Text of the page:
Most Chelsea property owners find evictions to be time-consuming and detrimental to monthly cash flows, so it is good to avoid them if you can. But if you are not able to settle your dispute directly with your tenant, it might be a good idea to get the eviction process started. Here are some ways to ensure that your eviction is a successful one.
Eviction is actually not the forcing of a tenant of the leased property. Rather, an eviction is a legal process by which a landlord or property owner regains possession of (or full legal rights to) the property. When you lease a property to a tenant, the lease documents legally assign both rights and responsibilities to you and your tenant. It is a legal contract. In order for that contract to be voided, the tenant has to agree to willingly vacate the property, or a corresponding legal process will be required.
The primary step of any eviction process is to understand the local Landlord/Tenant laws. While some federal laws apply to all situations, there are also different state and even local laws that you need to know. If you don’t follow all of the relevant laws, there is a chance that your eviction will fail, and you will need to start all over. For example, you will need to know how much advance notice you are required to give your tenant to remedy the lease violation, how long the grace period is for late payments, how many days you should give your tenant to vacate the property, and so on.
Knowing the law and how it applies to you, you can then move on to the next step which is to give your tenant a Pay or Quit or Notice of Lease Violation. This document is the official notice that also explains to your tenant that they are in violation of the lease. It also has to include instructions for the tenant to be in compliance with the lease again. Check to see if this notice should be sent by certified mail or any other required delivery method and that whatever stated actions or remedies follow all time periods required by law.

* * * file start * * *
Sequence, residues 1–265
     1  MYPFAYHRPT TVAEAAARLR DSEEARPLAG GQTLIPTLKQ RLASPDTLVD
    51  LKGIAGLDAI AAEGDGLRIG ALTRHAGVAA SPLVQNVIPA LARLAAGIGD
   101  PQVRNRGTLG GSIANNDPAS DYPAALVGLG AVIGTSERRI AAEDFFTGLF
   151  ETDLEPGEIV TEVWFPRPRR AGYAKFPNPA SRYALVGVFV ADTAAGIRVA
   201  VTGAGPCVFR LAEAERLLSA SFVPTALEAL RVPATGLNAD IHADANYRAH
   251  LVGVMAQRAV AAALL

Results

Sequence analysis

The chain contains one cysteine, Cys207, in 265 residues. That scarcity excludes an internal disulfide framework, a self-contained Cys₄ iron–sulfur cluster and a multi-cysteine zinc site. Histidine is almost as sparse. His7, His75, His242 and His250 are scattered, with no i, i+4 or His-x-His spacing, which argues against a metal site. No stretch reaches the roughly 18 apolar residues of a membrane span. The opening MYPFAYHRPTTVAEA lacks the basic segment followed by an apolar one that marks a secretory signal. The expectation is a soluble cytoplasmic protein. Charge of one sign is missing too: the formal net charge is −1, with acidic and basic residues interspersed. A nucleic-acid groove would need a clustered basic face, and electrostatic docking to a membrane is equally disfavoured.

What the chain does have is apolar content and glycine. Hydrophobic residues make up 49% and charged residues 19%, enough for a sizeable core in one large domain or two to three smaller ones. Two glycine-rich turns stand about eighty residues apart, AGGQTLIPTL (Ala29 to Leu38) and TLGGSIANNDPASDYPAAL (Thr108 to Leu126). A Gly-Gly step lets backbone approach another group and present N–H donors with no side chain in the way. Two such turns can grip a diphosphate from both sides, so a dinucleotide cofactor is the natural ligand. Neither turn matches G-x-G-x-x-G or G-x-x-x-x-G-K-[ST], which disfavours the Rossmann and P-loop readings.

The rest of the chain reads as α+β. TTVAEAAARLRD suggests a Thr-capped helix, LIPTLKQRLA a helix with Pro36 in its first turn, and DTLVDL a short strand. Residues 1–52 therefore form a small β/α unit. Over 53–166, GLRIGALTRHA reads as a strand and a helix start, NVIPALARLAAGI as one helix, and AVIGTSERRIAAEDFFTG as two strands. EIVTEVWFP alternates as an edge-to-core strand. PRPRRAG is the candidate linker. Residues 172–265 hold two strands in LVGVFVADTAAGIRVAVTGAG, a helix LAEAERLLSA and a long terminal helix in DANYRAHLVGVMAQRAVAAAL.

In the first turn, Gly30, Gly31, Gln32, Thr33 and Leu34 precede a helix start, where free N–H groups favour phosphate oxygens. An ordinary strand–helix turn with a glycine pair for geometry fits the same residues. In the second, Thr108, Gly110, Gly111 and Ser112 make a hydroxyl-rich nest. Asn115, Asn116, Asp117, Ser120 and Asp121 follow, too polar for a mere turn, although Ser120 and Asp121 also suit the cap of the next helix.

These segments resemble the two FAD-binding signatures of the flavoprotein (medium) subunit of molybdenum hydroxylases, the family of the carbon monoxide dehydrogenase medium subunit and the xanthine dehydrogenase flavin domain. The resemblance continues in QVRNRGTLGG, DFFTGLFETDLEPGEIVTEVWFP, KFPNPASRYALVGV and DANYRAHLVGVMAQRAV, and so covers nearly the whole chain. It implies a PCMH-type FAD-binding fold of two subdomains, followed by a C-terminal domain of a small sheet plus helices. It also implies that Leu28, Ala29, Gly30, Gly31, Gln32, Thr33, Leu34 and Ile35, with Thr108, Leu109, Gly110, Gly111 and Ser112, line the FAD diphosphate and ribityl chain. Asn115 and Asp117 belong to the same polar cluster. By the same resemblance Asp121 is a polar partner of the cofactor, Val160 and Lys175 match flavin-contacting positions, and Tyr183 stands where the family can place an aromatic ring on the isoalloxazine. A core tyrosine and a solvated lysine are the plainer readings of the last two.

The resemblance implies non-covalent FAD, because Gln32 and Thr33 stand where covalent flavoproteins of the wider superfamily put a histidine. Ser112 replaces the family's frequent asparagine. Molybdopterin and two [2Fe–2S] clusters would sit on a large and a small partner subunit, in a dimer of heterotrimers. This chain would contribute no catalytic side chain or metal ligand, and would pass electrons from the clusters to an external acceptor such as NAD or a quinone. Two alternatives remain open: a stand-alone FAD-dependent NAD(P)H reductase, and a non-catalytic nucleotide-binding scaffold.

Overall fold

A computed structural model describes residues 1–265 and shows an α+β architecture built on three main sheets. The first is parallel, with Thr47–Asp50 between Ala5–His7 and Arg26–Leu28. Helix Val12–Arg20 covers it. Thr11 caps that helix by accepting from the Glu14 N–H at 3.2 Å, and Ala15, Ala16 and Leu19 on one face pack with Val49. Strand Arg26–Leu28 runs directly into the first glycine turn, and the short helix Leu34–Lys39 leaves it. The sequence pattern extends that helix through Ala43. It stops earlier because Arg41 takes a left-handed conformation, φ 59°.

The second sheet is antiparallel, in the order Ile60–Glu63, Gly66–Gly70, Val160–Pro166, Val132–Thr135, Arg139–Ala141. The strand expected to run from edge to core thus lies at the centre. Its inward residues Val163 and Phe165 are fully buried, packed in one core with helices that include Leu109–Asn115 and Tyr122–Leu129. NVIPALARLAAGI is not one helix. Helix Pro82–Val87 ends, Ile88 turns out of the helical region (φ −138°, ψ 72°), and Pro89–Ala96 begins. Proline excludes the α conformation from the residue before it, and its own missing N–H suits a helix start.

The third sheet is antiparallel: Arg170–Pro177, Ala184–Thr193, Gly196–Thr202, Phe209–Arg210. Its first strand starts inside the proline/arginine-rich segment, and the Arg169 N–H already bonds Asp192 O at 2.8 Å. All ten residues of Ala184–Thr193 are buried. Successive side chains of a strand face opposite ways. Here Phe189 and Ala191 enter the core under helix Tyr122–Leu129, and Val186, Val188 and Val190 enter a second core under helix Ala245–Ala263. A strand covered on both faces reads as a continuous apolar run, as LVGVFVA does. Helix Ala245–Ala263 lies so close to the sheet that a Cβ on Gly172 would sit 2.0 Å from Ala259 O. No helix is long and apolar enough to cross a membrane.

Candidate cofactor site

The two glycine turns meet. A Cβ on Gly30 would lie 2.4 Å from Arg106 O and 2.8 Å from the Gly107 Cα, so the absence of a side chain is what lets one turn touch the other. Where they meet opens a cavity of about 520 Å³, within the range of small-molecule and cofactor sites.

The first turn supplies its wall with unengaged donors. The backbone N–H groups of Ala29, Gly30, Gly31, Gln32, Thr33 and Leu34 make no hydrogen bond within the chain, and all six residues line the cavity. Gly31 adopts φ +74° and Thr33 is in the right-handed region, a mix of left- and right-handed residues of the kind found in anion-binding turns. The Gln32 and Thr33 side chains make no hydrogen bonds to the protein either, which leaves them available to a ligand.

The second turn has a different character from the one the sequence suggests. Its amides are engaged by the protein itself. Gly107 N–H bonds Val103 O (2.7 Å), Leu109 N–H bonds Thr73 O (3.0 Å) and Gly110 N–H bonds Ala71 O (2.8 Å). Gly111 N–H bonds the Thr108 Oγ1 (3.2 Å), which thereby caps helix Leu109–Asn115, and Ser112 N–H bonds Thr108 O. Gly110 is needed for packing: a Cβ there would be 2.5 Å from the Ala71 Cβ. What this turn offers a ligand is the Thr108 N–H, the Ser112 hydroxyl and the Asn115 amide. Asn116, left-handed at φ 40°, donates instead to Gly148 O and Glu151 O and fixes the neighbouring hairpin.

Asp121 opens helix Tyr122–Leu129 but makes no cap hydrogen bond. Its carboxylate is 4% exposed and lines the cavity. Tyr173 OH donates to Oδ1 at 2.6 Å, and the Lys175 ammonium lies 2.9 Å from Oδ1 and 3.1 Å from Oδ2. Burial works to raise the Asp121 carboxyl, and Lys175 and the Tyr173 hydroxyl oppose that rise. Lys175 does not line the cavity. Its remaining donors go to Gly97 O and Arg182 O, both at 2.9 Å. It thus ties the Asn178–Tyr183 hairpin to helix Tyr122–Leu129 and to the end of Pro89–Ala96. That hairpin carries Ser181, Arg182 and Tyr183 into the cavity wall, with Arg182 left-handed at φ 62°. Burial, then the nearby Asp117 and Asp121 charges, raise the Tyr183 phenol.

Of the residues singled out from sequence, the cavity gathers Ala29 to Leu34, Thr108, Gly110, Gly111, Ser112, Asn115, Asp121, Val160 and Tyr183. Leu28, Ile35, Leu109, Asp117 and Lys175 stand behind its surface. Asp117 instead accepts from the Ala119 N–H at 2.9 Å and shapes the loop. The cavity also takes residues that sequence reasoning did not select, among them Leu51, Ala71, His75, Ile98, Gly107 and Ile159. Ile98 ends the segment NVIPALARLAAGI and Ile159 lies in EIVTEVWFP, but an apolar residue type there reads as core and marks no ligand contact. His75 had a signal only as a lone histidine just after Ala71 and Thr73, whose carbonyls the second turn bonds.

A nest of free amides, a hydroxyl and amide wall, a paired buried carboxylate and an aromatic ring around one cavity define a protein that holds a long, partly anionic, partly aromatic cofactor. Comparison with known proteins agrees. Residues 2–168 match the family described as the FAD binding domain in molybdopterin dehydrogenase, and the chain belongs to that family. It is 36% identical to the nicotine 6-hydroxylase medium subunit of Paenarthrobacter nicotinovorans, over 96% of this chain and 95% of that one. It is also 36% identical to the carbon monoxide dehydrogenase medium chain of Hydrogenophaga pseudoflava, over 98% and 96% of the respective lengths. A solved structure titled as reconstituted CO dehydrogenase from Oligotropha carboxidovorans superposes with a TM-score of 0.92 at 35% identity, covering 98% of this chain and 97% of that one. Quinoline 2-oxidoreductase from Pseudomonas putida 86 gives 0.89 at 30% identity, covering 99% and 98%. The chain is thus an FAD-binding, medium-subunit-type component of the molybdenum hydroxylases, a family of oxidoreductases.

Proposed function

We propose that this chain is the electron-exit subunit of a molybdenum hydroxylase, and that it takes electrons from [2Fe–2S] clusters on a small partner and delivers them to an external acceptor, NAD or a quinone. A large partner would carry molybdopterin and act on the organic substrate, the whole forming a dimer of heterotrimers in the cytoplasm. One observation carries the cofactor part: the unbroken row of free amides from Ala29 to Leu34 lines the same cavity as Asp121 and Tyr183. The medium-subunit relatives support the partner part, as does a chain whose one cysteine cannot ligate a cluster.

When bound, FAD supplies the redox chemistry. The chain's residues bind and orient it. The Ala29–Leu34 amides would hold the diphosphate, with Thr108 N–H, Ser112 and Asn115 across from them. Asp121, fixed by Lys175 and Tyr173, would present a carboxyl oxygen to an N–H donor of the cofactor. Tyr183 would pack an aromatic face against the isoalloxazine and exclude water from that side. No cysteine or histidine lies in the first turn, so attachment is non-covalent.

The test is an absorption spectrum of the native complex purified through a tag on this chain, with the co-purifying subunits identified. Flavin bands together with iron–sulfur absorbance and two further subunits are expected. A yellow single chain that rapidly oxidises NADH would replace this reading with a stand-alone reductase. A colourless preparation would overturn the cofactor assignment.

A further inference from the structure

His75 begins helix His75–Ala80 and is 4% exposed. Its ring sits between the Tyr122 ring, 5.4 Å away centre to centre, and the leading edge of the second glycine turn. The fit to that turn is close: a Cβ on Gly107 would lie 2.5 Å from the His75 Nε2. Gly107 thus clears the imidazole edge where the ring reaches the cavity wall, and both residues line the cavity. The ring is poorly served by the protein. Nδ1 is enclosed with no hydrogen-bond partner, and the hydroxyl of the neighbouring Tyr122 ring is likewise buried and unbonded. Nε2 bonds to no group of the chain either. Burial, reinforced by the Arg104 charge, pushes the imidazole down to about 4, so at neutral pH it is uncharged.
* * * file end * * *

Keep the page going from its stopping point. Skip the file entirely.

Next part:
But what do you do in case your tenant does not respond to the notice or if they are unable or unwilling to return to compliance with their lease terms? A landlord– you– would then be within your rights to document the legal grounds for eviction and file a Forcible Detainer with the local court. Depending on your rental property’s location, the required documents could include both an Eviction Complaint and a Summons, both of which outline your case for eviction and inform the tenant of the action filed against them. You must file your form with the court and serve them to your tenant, either in person or by using the delivery method required by law.
Once you have filed a Forcible Detainer, the court will consider your case for eviction and issue a ruling. If the judge rules in your favor, they may also include instructions for the forcible removal of the tenant from the property, if required. If you do not have a judgment from the court, you are not allowed to evict a tenant who is unwilling to vacate the property.
Although the judgment is the legal end of the eviction process, for landlords, the final step is overseeing the removal of the tenant and their belongings from the property. In most states, landlords can ask for assistance from the local police, constable, or sheriff’s department to remove a tenant. Intimidation or harassment of a tenant is illegal in every state, and even a landlord with an eviction judgment in hand cannot do this. There are different laws in each state about how to handle the removal of a tenant and their personal belongings, so make sure to follow your area laws when you do so. A tenant could sue you, even after they have been legally evicted if you violated any of their rights. This could cause delays or even the overturning of your eviction judgment.
A successful eviction is a legal eviction that is handled carefully and is properly documented from beginning to end. But evictions are also very sensitive matters that require a lot of time as well as detailed knowledge of tenant-landlord laws. Why not let the Chelsea property management pros at Real Property Management Victory handle your eviction for you instead? Contact us online or call 205-793-0700 to learn more.
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